Consider how your software is architected and how it aligns with supporting vertical slices. Knowing that we want to be able to slice vertically through functional areas, how can you best support this? I have found using plugin architectures is a winning strategy here. You can use frameworks like Autofac to help dynamically wire things up, and land entire slices as dedicated plugins sometimes. I’ve had great success using this with mealcoach.io!

Feature Flags:

These allow developers to hide, enable, or disable a feature during runtime. This means a feature (or slice) can be developed and even deployed without being visible to all users. It’s especially useful for testing a slice with a subset of users before a full release. One of the great considerations here is that if you truly have created an isolated slice, with respect to your change’s impact on the surface area of the code, it should be minimal.

CI/CD Tools:

Continuous Integration and Continuous Deployment tools like Jenkins, Travis CI, and Version Control:

Tools like Git help manage changes across slices, especially when multiple teams work on different slices simultaneously. Branching strategies can be employed to isolate work on a particular slice and then integrate it back into the main codebase seamlessly. While there are many opinions about feature branches and time-spent-away-from-main, the reality is when you’re doing thin vertical slices your branches should be very short-lived!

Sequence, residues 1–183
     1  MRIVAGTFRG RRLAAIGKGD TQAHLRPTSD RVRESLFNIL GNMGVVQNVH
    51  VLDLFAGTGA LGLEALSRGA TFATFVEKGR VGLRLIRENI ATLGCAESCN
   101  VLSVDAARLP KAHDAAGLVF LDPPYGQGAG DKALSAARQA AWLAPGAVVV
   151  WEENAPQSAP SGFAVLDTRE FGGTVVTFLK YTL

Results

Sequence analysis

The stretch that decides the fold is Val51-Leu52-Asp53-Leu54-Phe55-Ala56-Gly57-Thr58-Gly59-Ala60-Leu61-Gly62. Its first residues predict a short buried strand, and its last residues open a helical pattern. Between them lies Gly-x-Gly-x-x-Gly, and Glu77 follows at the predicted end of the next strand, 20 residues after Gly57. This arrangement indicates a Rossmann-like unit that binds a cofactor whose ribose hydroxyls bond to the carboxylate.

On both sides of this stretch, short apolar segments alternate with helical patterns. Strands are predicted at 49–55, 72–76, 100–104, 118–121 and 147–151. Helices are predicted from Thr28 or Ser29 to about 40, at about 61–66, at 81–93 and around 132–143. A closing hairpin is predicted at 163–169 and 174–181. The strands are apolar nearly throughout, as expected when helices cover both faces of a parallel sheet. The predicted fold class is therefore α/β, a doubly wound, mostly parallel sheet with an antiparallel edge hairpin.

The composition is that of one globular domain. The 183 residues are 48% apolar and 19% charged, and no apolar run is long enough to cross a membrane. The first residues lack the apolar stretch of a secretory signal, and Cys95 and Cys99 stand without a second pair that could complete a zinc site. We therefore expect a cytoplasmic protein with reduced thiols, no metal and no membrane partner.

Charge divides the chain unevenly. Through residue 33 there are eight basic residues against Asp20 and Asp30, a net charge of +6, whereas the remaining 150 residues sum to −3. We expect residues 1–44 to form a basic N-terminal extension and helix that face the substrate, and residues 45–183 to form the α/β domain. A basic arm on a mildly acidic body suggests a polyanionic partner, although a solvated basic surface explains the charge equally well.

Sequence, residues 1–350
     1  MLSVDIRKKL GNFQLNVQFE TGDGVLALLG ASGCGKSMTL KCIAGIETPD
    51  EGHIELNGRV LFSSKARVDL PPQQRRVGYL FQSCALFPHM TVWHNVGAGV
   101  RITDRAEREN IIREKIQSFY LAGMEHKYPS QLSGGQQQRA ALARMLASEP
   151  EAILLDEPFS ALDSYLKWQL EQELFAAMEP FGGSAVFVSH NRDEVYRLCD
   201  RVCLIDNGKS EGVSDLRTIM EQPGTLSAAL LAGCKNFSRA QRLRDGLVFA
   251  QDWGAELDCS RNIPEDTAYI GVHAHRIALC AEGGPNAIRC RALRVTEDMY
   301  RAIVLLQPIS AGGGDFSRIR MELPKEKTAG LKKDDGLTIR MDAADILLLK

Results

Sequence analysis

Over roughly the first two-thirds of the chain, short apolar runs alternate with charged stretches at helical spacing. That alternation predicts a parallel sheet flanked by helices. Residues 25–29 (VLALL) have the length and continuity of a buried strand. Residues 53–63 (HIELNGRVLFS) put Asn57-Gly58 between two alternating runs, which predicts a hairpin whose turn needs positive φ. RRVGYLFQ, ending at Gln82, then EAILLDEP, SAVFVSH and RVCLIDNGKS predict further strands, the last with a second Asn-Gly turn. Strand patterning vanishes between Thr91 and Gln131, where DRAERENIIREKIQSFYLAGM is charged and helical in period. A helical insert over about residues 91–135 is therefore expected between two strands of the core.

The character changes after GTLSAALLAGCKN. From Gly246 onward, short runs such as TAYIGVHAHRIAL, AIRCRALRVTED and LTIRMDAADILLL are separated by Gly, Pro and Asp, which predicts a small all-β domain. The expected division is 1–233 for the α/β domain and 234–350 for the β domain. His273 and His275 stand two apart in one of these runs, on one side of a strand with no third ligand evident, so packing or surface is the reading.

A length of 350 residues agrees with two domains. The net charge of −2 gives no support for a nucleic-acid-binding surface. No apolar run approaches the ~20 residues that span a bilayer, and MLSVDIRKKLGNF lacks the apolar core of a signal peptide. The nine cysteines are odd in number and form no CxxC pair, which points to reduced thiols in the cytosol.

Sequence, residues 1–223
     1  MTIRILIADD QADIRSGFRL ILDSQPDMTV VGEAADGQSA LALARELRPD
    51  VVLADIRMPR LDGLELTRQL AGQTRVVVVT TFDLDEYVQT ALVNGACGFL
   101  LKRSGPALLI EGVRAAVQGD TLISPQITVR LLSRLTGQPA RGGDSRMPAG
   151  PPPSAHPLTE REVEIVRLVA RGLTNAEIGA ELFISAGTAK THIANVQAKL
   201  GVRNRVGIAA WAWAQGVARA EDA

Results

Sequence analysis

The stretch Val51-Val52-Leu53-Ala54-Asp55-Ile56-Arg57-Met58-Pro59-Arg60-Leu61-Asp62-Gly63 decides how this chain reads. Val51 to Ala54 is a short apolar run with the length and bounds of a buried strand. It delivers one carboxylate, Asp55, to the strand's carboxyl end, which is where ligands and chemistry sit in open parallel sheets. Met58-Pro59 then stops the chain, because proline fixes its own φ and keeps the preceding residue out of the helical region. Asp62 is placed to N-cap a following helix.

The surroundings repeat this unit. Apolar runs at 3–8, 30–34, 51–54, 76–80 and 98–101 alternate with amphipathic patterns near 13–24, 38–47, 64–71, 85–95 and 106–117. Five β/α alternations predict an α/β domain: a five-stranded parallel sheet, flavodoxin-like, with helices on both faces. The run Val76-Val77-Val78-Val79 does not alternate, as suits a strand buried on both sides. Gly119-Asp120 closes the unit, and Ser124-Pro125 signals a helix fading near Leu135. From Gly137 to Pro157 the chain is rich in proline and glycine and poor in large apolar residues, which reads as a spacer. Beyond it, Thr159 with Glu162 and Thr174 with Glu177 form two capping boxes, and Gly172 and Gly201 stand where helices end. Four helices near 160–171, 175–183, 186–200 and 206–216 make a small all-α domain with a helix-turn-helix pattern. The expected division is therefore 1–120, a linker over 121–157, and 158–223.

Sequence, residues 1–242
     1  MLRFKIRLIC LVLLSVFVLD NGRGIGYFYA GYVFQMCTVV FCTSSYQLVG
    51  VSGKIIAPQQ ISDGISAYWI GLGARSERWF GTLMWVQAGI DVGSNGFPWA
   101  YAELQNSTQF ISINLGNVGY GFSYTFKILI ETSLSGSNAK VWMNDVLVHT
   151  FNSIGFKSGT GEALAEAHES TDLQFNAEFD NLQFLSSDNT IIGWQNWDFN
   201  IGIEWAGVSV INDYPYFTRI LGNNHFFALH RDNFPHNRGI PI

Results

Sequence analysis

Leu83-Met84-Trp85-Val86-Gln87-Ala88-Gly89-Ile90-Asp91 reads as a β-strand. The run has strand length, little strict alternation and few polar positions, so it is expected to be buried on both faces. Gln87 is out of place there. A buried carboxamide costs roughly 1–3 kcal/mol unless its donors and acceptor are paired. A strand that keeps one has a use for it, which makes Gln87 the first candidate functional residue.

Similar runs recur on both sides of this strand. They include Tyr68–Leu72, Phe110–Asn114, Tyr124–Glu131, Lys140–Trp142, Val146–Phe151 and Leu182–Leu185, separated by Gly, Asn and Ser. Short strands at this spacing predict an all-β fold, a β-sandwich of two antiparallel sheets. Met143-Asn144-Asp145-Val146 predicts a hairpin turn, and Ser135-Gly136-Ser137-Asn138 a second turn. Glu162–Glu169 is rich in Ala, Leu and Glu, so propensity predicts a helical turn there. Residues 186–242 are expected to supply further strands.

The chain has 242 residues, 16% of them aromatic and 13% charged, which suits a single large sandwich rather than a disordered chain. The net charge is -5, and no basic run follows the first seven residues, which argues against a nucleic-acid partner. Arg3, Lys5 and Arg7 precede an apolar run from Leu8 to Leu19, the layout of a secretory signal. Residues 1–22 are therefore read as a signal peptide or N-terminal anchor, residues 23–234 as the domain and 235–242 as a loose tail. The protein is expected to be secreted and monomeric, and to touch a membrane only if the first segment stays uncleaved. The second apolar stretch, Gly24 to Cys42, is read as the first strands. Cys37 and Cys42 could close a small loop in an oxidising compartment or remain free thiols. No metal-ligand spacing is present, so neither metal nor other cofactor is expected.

Automated Testing:

Given the continuous nature of delivery in vertical slicing, manual testing can become a bottleneck. Automated testing tools, be it unit testing frameworks like xUnit or end-to-end testing tools like Selenium, ensure that each slice is robust and meets quality standards. Wire these up in your CI/CD pipeline and you’re off to the races!


Tools like Docker can encapsulate a slice into a container, ensuring consistency across development, testing, and production environments. This reduces the “it works on my machine” problems and ensures smooth deployment.

Vertical Slices in Summary

Vertical slicing stands as a transformative approach in software development, shifting the focus from isolated, layered development to delivering cohesive, user-centric features. By breaking down complex projects into manageable, value-driven slices, teams can ensure faster feedback, improved collaboration, and a more predictable delivery timeline.

However, like any methodology, its success hinges on understanding its principles and effectively navigating its challenges. And no, not everything will feel like a perfect fit. Tools and infrastructure play a pivotal role in facilitating this approach, but the real essence lies in the mindset shift—prioritizing user value and iterative progress over monolithic perfection.

For budding developers and seasoned professionals alike, embracing vertical slicing offers not just a methodological advantage but also a broader perspective on software delivery. It underscores the importance of continuous learning, adaptation, and user-centricity—principles that are foundational in today’s dynamic tech landscape.

As you reflect on the insights shared in this article, consider how you can integrate vertical slicing into your projects. Whether you’re building a simple app or a complex system, the principles of delivering value slice-by-slice can guide you toward more efficient, impactful, and satisfying development outcomes.

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Nick Cosentino

Principal Software Engineering Manager at Microsoft. Views are my own.